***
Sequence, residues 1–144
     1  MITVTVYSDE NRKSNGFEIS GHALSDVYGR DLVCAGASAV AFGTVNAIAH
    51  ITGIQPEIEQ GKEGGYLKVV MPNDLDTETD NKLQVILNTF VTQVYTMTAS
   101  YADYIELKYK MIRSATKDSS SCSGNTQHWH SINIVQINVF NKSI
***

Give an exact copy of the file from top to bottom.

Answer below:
Sequence, residues 1–144
     1  MITVTVYSDE NRKSNGFEIS GHALSDVYGR DLVCAGASAV AFGTVNAIAH
    51  ITGIQPEIEQ GKEGGYLKVV MPNDLDTETD NKLQVILNTF VTQVYTMTAS
   101  YADYIELKYK MIRSATKDSS SCSGNTQHWH SINIVQINVF NKSI